ROCHESTER, N.Y. (WROC) — A recent memo issued by the New York State Department of Health changed the guidance on “test to stay” policies local school districts are allowed to implement, potentially leading to more quarantine time for students and a slower return to the classroom.

The new change, which went into effect on December 23 as most districts were entering winter break, says that test to stay will only be allowed for COVID-19 exposures that happen “in a school setting.” Previous guidance allowed all potential COVID-19 exposures to to be covered by test to stay for students, if the district or school could meet other requirements.

Since students have been away since the holiday break, and the new test to stay rules took effect on December 23, 2021, any potential COVID-19 exposure over the break would automatically trigger the default quarantine requirement set forth by the local health department, even if the student were to test negative.

The new change in test to stay policy is “entirely appropriate,” according to Monroe County Public Health Commissioner Dr. Michael Mendoza.

“With the arrival of the omicron variant in our community, it is entirely appropriate to take a more conservative approach to test to stay,” Dr. Michael Mendoza said in a statement to News 8 Tuesday. “We know schools are very controlled environments where it is easier to identify COVID exposures and protect students, faculty and staff. Please remember, the best way to keep our students in schools is to get them vaccinated and boosted when eligible, avoiding test to stay altogether.”

Despite the change in test to stay policy, several local school districts, including Greece, Henrietta, and Pittsford, reported little to no change in attendance rates Monday compared to before the rule was implemented pre-holiday break.

Officials from the Spencerport Central School District reported approximately 15% of student absences for Monday and Tuesday, with 8% of teachers absent Monday and 12% Tuesday. They added that the number of absences were less than the daily average for November and December, but a slight uptick of COVID-related absences were reported compare to daily averages for the two months prior.

Gates Chili Central School District officials reported an 82% attendance rate Monday whereas the district is usually in the low 90s, district officials said. However, Gates Chili officials couldn’t say definitively, as of Tuesday, if the one-day drop in attendance was a direct result of quarantined students.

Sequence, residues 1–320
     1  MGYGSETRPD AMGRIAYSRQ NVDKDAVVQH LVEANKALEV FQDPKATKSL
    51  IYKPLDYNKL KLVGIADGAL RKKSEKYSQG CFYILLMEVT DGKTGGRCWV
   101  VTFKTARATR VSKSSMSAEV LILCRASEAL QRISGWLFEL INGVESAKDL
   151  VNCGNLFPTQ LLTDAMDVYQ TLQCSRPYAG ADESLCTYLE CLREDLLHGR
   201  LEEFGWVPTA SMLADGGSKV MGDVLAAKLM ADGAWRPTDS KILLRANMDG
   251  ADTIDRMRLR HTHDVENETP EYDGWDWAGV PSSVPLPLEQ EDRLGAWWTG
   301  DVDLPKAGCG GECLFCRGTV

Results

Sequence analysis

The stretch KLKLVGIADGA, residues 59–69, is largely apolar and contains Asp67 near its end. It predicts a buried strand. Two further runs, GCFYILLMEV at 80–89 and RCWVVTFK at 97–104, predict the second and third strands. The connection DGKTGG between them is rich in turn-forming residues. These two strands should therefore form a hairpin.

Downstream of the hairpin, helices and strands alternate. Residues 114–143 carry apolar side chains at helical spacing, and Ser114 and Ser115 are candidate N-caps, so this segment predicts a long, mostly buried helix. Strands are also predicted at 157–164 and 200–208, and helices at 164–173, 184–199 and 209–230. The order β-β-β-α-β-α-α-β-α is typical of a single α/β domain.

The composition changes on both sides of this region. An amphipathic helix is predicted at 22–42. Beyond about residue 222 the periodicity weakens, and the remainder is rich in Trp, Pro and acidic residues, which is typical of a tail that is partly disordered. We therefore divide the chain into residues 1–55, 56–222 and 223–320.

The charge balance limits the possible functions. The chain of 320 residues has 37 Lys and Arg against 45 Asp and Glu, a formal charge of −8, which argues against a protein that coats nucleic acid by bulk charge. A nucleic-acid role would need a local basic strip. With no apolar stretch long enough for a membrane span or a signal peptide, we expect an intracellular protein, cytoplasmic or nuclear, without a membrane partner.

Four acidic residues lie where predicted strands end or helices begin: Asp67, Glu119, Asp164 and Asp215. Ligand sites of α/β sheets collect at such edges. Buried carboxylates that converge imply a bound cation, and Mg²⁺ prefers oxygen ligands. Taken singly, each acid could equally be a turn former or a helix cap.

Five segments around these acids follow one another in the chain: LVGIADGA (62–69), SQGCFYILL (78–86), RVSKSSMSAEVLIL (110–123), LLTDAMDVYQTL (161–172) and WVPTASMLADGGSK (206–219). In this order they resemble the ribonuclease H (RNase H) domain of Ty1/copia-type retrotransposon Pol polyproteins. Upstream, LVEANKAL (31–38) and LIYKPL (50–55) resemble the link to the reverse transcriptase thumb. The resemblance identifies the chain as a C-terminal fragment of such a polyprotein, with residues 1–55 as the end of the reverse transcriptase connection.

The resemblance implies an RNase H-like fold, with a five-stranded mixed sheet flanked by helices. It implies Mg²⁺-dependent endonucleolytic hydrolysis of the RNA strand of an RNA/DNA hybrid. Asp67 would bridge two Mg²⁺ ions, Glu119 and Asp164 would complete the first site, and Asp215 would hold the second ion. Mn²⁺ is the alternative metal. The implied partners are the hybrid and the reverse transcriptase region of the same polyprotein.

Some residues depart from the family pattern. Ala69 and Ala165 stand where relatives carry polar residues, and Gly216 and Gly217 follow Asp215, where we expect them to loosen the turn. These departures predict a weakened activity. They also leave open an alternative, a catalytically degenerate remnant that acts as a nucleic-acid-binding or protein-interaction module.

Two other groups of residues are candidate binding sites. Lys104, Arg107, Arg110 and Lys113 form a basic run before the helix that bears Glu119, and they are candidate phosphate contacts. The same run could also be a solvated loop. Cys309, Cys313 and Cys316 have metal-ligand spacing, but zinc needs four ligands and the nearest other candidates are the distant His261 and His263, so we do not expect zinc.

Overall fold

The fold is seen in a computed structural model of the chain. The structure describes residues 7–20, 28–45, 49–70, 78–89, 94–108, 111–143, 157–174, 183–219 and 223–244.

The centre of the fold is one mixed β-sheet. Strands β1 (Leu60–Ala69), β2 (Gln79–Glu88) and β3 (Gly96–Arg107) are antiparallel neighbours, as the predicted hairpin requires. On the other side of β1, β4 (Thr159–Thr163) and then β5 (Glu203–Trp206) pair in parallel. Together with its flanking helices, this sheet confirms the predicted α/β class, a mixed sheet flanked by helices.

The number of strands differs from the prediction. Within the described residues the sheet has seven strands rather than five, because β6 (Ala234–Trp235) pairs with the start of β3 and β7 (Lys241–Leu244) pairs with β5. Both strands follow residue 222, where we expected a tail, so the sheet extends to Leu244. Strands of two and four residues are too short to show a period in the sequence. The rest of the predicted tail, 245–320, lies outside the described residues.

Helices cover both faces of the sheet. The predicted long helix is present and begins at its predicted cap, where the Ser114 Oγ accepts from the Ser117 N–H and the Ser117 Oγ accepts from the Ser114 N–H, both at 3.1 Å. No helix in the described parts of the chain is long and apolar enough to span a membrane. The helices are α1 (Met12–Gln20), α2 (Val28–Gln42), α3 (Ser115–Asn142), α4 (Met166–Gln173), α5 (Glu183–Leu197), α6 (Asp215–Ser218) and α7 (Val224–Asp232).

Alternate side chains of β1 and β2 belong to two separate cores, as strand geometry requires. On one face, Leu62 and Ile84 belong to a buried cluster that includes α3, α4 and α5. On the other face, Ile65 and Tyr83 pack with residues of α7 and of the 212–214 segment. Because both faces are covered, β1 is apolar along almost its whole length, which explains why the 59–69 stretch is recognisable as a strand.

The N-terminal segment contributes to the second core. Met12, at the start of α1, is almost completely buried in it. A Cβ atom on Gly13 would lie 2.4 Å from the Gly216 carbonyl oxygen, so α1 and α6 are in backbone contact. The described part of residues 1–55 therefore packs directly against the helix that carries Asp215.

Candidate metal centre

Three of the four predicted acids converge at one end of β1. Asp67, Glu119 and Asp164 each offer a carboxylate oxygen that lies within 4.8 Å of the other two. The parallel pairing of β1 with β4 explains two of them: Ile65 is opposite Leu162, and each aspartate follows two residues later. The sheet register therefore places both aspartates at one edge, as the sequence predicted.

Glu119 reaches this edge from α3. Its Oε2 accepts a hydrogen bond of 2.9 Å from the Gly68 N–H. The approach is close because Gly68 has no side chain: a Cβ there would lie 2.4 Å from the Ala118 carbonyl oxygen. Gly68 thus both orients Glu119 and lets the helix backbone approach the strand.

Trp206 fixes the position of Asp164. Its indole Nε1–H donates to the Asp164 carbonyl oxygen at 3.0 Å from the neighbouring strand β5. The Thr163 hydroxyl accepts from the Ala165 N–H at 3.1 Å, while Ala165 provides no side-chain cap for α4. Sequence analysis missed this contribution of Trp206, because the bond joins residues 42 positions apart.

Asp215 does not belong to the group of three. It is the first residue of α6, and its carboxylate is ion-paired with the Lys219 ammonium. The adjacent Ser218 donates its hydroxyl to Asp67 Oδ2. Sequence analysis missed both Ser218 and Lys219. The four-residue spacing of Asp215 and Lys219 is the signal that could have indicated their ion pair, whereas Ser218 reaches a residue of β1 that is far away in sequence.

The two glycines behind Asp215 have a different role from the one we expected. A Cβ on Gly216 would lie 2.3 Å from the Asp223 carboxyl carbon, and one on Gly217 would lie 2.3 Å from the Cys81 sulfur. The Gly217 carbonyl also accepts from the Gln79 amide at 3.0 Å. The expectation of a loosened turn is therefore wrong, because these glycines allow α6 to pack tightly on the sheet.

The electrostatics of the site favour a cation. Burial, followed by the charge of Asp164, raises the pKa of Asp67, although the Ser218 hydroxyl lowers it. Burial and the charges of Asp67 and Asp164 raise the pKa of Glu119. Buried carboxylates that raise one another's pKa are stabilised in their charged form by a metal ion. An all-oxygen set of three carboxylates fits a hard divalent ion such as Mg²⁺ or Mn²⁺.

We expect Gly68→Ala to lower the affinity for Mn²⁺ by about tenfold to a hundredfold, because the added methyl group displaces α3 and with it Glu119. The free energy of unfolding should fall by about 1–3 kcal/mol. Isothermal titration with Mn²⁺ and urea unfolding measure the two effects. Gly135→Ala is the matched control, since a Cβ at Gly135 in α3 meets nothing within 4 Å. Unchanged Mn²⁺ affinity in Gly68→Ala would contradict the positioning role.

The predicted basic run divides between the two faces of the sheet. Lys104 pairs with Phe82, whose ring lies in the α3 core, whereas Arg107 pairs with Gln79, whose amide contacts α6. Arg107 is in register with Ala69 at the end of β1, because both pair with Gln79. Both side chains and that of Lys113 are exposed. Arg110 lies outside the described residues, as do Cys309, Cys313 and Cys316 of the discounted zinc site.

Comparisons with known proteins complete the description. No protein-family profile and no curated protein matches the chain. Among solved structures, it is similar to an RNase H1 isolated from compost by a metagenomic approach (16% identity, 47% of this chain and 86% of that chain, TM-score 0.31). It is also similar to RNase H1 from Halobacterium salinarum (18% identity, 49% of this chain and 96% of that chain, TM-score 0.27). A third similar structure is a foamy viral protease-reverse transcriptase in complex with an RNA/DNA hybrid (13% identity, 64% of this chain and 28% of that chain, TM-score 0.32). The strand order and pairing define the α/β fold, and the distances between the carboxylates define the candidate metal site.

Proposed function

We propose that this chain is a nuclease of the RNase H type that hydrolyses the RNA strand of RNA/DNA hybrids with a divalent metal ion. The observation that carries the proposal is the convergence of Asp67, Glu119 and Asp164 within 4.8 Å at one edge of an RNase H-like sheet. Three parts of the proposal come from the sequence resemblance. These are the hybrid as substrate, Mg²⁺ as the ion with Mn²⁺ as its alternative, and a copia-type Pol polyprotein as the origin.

Other area districts have not immediately returned a request for comment.

According to the local department of health, Monroe County saw its highest number to date of new COVID-19 cases among school-aged children this past week.

From the week of December 27 through January 2, the health department reported approximately 1,200 new cases in kids ages 12 to 18, and 853 new cases in kids ages 5 to 12 — a sharp increase compared to recent weekly data:

Some other regional counties, like Wayne County, have not yet instituted test to stay policies for its schools, although Gov. Kathy Hochul has encouraged all counties to do so.

The governor said on Christmas Even that keeping schools open remains a priority and she said the test to stay strategy has proven effective. She advised all counties to implement the policy as more testing allows for it.

“The CDC just confirmed that test to stay works and now we are highly recommending that counties and school district implement this, and we’ll work with them,” Gov. Hochul said late last month. “We have the tests to be able to give to the schools.”

A statement from New York State Department of Health officials Tuesday to News 8 said: “Our guidance aligns with CDC TTS guidance which was based on studies involving exposures in the school setting. Local health departments continue to conduct case investigation/contact tracing for determining where the exposure occurred.”

According to the New York State Department of Health, extracurricular activities like sports, clubs and other events taking place after school, evenings or holidays are not permitted under test-to-stay. Additionally, students may only attend academic classes during the instructional school day and must remain in quarantine at all other times, according to state officials.

According to the new guidance, students can “test out of quarantine” after seven days if a diagnostic test is negative and no symptoms were reported during daily monitoring.

The latest full state guidance on test to stay policies are included in the document below:

NYSDOH Test to Stay Memo


Check back with News 8 WROC as we will continue to update this developing story.